[This is another in a series of posts prompted by a re-reading of Larry McMurtry's novel, Lonesome Dove. This particular addition was prompted by McMurtry's character Capt. Angus McCrae coming to a realization that he and his partner, Capt Woodrow Call, at the pinnacle of their careers, were just another bit of landscape to be passed by; Texas Ranger/cowboy/adventurer becoming the "New Indian".]
Judge James Hall said early on (in 1835) that the frontiersman would only be clearing the way for another kind of pioneer who would settle down and farm the land properly, and make the beginnings of American civilization in the west. Thomas Jefferson saw the same future for “our semi-barbarous citizens”—the frontiersman—as did the explorer and botanist J.R.Poinsett, who said simply that “the frontiersman is doomed.”
McCrae was very well aware of his own role in the paradoxical march of civilization on the frontier. He was the first of his type to see these new lands (on the cattle drive north from Texas to Montana); opening them meant that he would make them safe for other colonizers—farmers and bankers who would have a far more acquisitive sense of land and ownership than he or his partner Call would ever have. As the concept of private property grew greater, as more capital was invested, and as the land became more irretrievably “settled,” then the two Rangers would pose as much a threat to the monied land interests as the Indians had once posed to the earliest settlers. He knew that he was the first step in making the economics of the region as frictionless as possible, and that at some point, and pretty soon, he and all those like him would represent the friction in the cost of doing business.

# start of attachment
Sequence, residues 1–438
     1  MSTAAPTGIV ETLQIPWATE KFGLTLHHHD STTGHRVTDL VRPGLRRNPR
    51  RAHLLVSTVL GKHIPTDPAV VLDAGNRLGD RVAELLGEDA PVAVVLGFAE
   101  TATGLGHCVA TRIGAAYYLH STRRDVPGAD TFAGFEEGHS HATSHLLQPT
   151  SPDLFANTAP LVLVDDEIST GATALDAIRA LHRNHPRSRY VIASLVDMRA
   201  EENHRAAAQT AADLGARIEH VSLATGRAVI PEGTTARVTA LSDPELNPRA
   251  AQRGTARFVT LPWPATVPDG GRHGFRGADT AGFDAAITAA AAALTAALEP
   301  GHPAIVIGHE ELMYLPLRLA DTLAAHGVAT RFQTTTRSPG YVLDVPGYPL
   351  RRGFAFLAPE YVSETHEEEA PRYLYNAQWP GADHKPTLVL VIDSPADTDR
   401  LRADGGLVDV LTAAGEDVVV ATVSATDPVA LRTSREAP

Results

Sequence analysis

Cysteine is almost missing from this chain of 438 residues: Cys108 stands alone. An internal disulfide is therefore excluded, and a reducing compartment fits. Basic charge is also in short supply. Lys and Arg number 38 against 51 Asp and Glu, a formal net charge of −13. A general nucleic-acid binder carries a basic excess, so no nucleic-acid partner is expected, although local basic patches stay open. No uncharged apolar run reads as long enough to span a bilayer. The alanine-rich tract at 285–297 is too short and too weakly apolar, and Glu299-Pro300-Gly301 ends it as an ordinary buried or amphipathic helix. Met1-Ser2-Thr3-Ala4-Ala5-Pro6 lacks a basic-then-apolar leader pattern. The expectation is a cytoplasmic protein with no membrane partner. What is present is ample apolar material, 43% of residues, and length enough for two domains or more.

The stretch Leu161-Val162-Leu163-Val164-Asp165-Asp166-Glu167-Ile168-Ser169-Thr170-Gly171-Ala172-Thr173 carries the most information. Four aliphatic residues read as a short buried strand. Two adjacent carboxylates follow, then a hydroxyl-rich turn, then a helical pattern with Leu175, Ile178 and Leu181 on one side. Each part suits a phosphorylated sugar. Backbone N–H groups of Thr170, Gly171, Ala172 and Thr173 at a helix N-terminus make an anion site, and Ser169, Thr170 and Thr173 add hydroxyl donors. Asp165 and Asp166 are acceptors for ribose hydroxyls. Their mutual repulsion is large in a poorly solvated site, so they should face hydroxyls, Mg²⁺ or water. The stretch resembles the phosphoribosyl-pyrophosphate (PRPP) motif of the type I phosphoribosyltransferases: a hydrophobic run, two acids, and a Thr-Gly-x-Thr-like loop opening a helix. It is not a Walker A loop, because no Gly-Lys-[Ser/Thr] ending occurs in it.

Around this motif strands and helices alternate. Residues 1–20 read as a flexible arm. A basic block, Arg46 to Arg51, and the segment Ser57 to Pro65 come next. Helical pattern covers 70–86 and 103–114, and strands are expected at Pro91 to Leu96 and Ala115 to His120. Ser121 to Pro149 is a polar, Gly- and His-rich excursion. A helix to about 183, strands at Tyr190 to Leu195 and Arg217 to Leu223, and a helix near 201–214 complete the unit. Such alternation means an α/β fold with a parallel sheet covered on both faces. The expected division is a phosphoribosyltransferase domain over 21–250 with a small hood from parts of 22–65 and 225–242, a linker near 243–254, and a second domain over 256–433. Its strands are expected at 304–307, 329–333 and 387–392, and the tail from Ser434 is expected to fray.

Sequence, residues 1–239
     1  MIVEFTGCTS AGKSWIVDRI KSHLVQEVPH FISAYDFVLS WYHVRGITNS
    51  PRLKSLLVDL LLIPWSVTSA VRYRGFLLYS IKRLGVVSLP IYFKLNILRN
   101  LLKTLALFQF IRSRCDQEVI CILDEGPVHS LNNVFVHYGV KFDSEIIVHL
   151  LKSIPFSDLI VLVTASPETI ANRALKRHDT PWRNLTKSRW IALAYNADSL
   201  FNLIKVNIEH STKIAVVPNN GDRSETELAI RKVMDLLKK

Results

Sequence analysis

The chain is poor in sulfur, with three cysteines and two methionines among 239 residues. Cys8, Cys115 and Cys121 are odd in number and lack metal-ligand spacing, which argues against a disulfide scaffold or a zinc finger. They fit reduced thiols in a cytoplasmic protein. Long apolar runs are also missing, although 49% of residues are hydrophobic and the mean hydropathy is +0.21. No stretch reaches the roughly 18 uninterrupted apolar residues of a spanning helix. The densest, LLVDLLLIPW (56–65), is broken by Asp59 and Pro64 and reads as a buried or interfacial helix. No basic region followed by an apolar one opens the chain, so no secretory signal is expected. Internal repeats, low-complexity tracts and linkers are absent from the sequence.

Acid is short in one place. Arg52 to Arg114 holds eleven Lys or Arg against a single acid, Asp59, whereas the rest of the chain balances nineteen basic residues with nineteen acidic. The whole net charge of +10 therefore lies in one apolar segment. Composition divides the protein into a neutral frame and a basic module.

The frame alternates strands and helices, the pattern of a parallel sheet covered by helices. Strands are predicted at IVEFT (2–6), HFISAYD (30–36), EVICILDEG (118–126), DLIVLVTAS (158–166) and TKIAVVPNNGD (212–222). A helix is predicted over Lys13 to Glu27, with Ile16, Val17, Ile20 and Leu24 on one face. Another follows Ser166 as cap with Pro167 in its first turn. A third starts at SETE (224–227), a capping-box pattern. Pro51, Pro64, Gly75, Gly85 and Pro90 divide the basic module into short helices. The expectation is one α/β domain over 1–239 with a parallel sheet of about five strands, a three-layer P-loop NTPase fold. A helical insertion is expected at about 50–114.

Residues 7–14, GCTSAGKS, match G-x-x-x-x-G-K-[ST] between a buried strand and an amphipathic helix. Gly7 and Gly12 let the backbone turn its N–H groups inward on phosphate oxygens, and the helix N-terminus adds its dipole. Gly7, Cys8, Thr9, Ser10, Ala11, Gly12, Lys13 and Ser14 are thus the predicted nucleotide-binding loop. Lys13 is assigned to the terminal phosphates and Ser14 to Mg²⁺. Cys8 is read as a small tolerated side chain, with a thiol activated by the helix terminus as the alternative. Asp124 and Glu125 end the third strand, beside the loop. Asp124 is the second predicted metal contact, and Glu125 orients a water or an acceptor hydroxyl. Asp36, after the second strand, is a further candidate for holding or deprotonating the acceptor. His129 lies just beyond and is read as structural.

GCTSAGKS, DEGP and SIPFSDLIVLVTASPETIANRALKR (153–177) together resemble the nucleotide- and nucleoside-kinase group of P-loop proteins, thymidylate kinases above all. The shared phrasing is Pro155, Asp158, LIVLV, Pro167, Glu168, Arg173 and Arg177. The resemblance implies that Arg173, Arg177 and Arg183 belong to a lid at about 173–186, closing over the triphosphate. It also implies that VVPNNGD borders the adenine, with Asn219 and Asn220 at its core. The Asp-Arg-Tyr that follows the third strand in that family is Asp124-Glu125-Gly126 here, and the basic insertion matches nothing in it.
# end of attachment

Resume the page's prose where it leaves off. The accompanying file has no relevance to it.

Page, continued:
It didn’t take long for this to happen; in the grand scheme of the development of the West the frontiersman's shadow was almost instantly filled by that of the cowboy, with barely 75 years filling the time between the beginning of the Lewis & Clark Expedition and the end of the great cattle drives. The hungry frontier pulled the adventurers away and concentrated its efforts on its greatest foe—the worker. The Atlantic Monthly charged in 1877 that America was at risk from a new type of “Indian”—the “savage” working class. It made that statement—in an unsigned article—soon after the dangerous railroad strike of 1877, stating that these classes needed to be attacked and re-educated to understand the new culture of incorporating America. McMurtry's self-medicating character McCrae understood the theory if not the extended history of the word “savage”—that it would be passed from one class to the next of any group that threatened to disturb the orderly march of culture and economic civilization, and that each preceding class of civilizer would, in turn, become the savage. “Savage” would pass from the Indian, to the unruly cowboy, and then on to the settlers of each successive (economic) frontier, as the competition turned from space to wages.
In a book that Call and McCrae could (but were extremely unlikely to) have read, The History of the United States, by George Bancroft (1866), it was said that the Indian was killed by civilization because he could not change “his habits.” Writing at the same time and for the same readers, Francis Parkman told his readers that the Indian is savage, but that the Indian is also part of a savage environment, though “he and his forest will perish forever” because he will be unable to learn the ways of civilization. Or, in the words of Senator Thomas Hart Benton, who would let nothing get in the way of westward expansion—“civilization or extinction.”